The Great Ace Attorney Chronicles Review

I think we can agree that there’s a danger that comes from setting expectations; there’s been a number of times, where previously un-translated games have finally made the jump over to western shores, just to lead to disappointment because they couldn’t match up to the hype. Time and again, the same song and dance, and it’s hard for me to start up a game with such a high level of excitement behind it, without an equal amount of skepticism. Even if a game is fantastic, nobody wants to get burnt.

Capcom’s The Great Ace Attorney: Chronicles is the latest example of this trend – a duology with a storied history, originally releasing on the 3DS in Japan. Despite how prevalent the games and characters might seem to be in hardcore gaming circles, the franchise has never done incredibly well in the west – and when original series’ creator Shu Takumi returned to the podium for 2015’s The Great Ace Attorney: Adventures, it makes sense that Capcom might’ve had some hesitancy with bringing the entry overseas. Part of that stems from the obvious connection the game’s share with The Adventures of Sherlock Holmes – naturally, that’s the first obvious change that we see with the duology’s western release. Presumably due to the litigious nature of the Doyle estate, most characters tied to the wider lore of the Great Detective have had their names changed – Holmes becomes Sholmes, and Watson into Wilson.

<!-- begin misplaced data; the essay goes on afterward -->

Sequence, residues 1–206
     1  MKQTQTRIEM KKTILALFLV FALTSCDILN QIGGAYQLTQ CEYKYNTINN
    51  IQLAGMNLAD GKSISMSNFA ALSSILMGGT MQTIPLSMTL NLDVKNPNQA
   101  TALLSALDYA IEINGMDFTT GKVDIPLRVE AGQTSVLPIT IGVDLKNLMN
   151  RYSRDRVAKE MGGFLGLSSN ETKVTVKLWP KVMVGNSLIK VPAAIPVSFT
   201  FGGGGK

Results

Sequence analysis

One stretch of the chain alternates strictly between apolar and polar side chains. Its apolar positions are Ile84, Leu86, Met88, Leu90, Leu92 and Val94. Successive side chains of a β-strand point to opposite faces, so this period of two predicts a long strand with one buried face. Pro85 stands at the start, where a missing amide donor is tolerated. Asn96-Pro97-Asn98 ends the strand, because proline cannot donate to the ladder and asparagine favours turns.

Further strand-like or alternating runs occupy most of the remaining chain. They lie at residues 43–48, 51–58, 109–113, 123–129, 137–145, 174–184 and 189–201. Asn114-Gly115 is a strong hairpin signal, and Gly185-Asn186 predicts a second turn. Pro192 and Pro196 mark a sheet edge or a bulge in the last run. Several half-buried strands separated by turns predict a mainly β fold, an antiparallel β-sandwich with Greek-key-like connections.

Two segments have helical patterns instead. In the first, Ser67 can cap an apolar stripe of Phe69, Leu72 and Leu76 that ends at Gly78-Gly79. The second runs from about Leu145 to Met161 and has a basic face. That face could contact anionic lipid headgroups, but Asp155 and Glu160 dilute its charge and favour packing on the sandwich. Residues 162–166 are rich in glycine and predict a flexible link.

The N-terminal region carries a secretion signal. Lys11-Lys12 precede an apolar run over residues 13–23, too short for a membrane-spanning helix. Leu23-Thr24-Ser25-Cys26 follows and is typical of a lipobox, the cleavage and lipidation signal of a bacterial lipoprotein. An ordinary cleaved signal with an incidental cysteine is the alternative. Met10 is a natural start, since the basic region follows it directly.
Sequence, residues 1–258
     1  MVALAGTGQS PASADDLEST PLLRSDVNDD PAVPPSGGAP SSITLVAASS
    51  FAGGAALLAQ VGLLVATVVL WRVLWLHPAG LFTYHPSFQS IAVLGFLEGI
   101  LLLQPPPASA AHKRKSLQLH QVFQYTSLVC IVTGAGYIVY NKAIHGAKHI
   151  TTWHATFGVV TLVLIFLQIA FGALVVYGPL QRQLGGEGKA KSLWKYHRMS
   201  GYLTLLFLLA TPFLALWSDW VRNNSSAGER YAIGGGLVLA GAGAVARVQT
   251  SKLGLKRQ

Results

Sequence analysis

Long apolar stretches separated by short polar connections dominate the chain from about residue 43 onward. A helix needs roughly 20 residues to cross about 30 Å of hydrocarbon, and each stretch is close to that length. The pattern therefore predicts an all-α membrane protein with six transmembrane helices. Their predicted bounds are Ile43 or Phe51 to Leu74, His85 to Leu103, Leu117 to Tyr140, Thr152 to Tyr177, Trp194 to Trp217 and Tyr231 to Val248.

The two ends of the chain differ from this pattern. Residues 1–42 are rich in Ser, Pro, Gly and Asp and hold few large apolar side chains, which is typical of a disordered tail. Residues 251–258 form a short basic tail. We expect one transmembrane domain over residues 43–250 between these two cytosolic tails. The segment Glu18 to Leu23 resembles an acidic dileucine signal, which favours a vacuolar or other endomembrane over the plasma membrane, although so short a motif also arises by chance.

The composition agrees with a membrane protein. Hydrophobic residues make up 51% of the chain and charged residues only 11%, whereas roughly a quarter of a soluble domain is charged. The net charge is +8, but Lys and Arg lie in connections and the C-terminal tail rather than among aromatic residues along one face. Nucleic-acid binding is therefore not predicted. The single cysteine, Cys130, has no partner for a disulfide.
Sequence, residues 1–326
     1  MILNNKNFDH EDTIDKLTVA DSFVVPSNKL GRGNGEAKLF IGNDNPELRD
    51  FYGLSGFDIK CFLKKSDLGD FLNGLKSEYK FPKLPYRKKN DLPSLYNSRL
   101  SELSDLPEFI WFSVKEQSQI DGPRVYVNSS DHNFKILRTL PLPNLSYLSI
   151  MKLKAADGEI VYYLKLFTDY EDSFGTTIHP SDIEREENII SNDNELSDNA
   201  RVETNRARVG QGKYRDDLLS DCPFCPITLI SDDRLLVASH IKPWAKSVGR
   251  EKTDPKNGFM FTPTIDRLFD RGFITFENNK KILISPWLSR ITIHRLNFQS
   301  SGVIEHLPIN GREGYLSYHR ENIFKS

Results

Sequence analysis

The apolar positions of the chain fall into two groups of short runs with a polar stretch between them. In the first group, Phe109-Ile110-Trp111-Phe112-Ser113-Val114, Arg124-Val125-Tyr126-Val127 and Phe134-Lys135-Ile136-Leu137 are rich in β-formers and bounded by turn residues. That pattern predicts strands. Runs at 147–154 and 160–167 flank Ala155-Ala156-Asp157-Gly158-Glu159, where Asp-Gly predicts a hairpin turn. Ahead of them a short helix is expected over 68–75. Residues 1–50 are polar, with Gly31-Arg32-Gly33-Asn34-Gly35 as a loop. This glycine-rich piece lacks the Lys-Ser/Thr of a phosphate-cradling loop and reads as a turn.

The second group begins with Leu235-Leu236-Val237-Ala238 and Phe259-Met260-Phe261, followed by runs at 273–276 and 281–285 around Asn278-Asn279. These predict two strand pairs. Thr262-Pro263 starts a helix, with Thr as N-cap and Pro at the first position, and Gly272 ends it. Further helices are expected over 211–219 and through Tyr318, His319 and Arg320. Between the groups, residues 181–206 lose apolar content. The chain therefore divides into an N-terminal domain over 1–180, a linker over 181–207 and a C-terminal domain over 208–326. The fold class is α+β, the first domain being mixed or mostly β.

If you’re familiar with Ace Attorney, then the gameplay should be familiar, albeit with a few tweaks; but if this is your first foray into the series, here’s what you need to know. You play as a burgeoning Defense Lawyer, defending your client from an accusation of some sort – usually murder – who’s tasked with investigating scenes, interrogating witnesses, and piecing together the mystery of what really happened, both inside and outside of the courtroom. In essence, it’s a bit of a point-and-click adventure, and broadly speaking the gameplay can be classified into two distinct categories – first of which being the investigation sections. You’ll be moving around areas related to the case, investigating the scene and gathering as much information as you can before the trial begins. New to The Great Ace Attorney are Logical Deductions: owing to “Herlock Sholmes” and his introduction to the plot, players are occasionally tasked with putting together what happened at the scene of a crime – correcting the “Great Detective” and his logical missteps along the way. Players are tasked with viewing a scene from different angles to find clues in order to continue the “dance of deduction”, and ultimately solve the mystery at the heart of the current problem.